Michael Manga

2002 James B. Macelwane Medal Winner

California Institute of Technology

Michael Manga was awarded the James B. Macelwane Medal at the AGU Spring Meeting Honors Ceremony, which was held on 29 May 2002, in Washington, D.C. The medal recognizes significant contributions to the sciences by a young scientist of outstanding ability.


“I am pleased to give the citation for Michael Manga for the James B. Macelwane award. Michael is an outstanding young scientist who has made significant contributions to geophysics. He also reflects Macelwane’s deep interest in teaching and encouraging students.

“I especially enjoy being at a university where I interact with unusually creative and able students, who quickly move on to become creative, able, accomplished, and respected colleagues. Michael made the transition from student to colleague early in his graduate career, and I have continued to learn from him ever since. He is a gentle person and teacher, who is quiet and reserved while being direct and honest. He possesses deep physical insight, analytic ability, and a nose for getting to the essence of a problem through a combination of experiment, analysis, numerics, and observation.

“Michael has been incredibly productive, and his 60 or so publications attest to his broad interests and abilities. His contributions cover experimental and theoretical fluid mechanics (16 papers), mantle flow and convection (10 papers), properties of magmas and volcanology (11 papers), flow of groundwater and hydrology (14 papers), and planetary science (four papers) and diamond anvil research (four papers). In each area, his contributions have been original and important. He combines careful (and sophisticated) fluid mechanics with insightful application to geophysical observations and understanding physical processes.

“Michael came to graduate school from McGill with his own source of curiosity. He saw the relevance of what he was learning in courses in Earth science, engineering, and math, and put the ideas together to produce new insights and results. He came up with his own questions, and sought advice when he needed it-then he would go off to solve problems. He did the major part of his work with Howard Stone, who is an inspired teacher and mentor. Michael was an inspired student. Under Howard’s guidance and inspiration, Michael started state-of-the-art boundary integral calculations to investigate the dynamics of bubbles and diapirs. He sought out the G. I. Taylor style of fluid mechanics, and did elegantly simple experiments to extend his insight into the mechanics of rising bubbles that he had already addressed numerically. I believe that he may have gone beyond Taylor when much later he demonstrated waves of rising bubbles in foam by distributing glasses of Guinness at an AGU session.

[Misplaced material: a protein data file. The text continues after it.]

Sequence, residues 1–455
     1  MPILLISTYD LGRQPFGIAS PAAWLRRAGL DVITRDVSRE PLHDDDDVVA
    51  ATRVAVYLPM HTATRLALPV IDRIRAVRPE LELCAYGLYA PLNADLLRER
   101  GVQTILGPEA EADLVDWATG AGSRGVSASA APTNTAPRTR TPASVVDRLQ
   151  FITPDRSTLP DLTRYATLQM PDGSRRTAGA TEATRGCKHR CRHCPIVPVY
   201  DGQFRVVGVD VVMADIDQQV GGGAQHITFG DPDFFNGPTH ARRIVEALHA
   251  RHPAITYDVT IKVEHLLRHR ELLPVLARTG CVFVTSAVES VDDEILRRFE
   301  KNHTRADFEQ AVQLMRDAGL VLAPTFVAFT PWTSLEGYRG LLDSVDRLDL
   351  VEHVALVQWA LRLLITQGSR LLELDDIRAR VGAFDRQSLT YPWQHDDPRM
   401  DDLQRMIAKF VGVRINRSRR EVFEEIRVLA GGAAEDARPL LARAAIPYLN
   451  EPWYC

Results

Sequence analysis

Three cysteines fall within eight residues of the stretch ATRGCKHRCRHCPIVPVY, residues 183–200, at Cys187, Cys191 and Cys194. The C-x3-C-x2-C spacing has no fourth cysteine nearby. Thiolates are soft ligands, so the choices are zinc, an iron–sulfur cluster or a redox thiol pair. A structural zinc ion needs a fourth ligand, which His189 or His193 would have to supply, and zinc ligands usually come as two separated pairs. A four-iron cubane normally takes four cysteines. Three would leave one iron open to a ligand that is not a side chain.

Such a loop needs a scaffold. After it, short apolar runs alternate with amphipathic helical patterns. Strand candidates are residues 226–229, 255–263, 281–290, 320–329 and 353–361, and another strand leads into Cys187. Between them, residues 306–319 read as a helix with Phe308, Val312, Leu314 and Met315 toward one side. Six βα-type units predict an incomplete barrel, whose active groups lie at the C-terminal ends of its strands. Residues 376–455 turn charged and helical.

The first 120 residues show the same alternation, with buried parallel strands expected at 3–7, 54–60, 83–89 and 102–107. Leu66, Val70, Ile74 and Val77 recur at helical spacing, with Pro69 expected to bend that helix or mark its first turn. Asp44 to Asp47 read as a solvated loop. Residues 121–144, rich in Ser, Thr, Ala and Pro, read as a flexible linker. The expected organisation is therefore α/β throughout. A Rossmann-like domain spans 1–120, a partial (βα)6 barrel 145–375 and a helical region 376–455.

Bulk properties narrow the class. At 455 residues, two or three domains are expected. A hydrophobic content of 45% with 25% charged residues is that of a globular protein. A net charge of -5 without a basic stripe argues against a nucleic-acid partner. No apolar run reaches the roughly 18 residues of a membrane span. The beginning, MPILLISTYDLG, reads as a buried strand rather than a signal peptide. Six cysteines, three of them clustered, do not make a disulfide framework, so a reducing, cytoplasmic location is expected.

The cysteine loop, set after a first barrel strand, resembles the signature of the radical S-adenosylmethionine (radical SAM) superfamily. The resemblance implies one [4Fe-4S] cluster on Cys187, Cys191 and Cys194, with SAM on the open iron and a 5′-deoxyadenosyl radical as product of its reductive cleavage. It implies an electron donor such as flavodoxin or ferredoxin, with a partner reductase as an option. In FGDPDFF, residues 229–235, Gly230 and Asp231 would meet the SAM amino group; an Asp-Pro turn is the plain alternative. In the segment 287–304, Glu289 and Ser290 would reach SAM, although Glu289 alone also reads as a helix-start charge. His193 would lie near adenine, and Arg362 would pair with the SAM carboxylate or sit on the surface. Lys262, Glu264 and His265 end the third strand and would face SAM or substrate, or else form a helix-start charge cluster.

“As a Miller Fellow at Berkeley, Manga ex-tended his interests to diamond anvils and hydrology. As a grad student, he had noted the numerous ads in Eos for hydrology positions. Perhaps this inspired him to start work in this area (although I really think the first-rate colleagues he had at Berkeley did it).

” After moving to the University of Oregon, Manga did some laboratory convection experiments, and investigated the transitions of convective patterns. He used the experimental results to analyze the development of thermal boundary layers, and has related this to simple models that account for the observations. This style-laboratory experiments, numerical calculations or simple fluid mechanical models, and extrapolation to geophysical problems-is characteristic of his work. He also addressed more problems in volcanology, and started field projects in hydrology (with his wife Susan as a field assistant). He used spring and streamflow rates to investigate subsurface flow processes, including time scales for flow, heat transport, and characteristics of subsurface aquifers. Since returning to Berkeley in 2001, Manga has maintained his remarkable productivity.